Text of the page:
August 19, 2015

GI Go Director Jack Fanous Joins HUD, VA, NJ Mayors, and Non-Profits Advocates in Comprehensive Meeting to End Veteran Homelessness in New Jersey

The day-long session highlighted resources and best practices to assist in reaching the goal of ending veteran homelessness in 2015; HUD, VA officials, New Jersey mayors, advocates and non-profits work to end veteran homelessness in 2015.

Participants in the Mayors Challenge convening day-long event gather for a group photo. HUD, VA officials, New Jersey mayors, advocates and non-profits work to end veteran homelessness in 2015.

LYONS, NJ—The U.S. Department of Housing and Urban Development (HUD) New Jersey Field Office hosted a day of informational panels geared towards highlighting resources available to the New Jersey mayors and elected officials that committed to the Mayors Challenge to End Veteran Homelessness. The event took place at the Lyons NJ VA Medical Center on August 18.

The Mayors Challenge to End Veterans Homelessness is a White House initiative that aims to eliminate homelessness in the country by the end of this year.

It asks U.S. mayors to commit to the Mayors Challenge and use available resources such as HUD-VASH housing vouchers; and work with local Continuums of Care, non-profits, and advocates to find permanent housing for these veterans in need.

The day-long session featured remarks from GI Go Fund Executive Director Jack Fanous, whose organization has been making progress with HUD and the VA for years to bring an end to veteran homelessness.

“I am so proud of everyone here today,” said Fanous. “We are all here because we are committed to getting the veterans who fought to defend our streets are not living on them. We all have worked together to get homeless veterans into housing, and I know that we all are dedicated to continuing this effort. We have had some great success stories of veterans finding housing, and I know that we will have many more soon to come.”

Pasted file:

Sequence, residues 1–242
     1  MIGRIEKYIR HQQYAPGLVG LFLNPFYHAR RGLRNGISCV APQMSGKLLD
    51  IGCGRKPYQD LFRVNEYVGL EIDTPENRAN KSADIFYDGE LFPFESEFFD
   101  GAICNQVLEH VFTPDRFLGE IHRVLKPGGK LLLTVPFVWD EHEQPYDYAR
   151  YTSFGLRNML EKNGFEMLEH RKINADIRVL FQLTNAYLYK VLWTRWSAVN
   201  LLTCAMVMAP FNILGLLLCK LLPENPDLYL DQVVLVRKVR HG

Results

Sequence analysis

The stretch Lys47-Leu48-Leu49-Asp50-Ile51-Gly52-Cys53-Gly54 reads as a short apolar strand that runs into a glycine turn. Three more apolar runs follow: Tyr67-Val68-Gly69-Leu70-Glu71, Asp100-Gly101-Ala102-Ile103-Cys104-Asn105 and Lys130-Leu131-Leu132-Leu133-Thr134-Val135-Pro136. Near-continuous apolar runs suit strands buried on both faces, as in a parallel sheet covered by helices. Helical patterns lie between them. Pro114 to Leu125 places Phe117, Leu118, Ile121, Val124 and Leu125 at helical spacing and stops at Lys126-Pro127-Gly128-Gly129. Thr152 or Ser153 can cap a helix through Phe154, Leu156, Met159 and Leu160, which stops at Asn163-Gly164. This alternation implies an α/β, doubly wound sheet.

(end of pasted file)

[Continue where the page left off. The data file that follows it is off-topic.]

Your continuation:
One of the highlights of the event were the testimonies of two previously homeless veterans that were able to access HUD-VASH housing vouchers, that come with supportive services such as counseling and medicals services. Homeless veterans that qualify apply at the Lyons Campus of the VA Medical Center.

Between the 2010 rollout of Opening Doors – the first-ever federal strategic plan to prevent and end homelessness – and the January 2014 point-in-time homeless count, homelessness among veterans nationwide has been slashed by 33 percent.

Since 2008, more than 79,000 HUD-VASH vouchers have been awarded nationwide; over 1000 in New Jersey. Approximately 90,000 homeless veterans in the U.S. have been served through the HUD-VASH program. Rental assistance and supportive services provided through HUD-VASH are a critical resource for local communities in ending homelessness among our nation's Veterans.

In the HUD-VASH program, VA Medical Centers (VAMCs) assess veterans experiencing homelessness before referring them to local housing agencies for these vouchers. Decisions are based on a variety of factors, most importantly the duration of homelessness and the need for longer term, more intensive support in obtaining and maintaining permanent housing. The HUD-VASH program includes both the rental assistance the voucher provides and the comprehensive case management that VAMC staff offers.

Veterans participating in the HUD-VASH program rent privately owned housing and generally contribute no more than 30 percent of their income toward rent. VA offers eligible homeless veterans clinical and supportive services through its medical centers across the U.S., Guam, Puerto Rico and the Virgin Islands.